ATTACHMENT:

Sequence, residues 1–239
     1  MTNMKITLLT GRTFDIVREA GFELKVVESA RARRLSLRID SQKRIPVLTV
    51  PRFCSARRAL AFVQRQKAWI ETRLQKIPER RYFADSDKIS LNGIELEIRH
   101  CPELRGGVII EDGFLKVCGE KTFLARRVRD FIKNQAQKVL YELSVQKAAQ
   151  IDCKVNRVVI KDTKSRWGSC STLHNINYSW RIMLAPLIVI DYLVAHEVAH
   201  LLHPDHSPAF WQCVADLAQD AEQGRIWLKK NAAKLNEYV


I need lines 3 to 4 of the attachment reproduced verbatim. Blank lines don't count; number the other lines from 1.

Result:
    51  PRFCSARRAL AFVQRQKAWI ETRLQKIPER RYFADSDKIS LNGIELEIRH
   101  CPELRGGVII EDGFLKVCGE KTFLARRVRD FIKNQAQKVL YELSVQKAAQ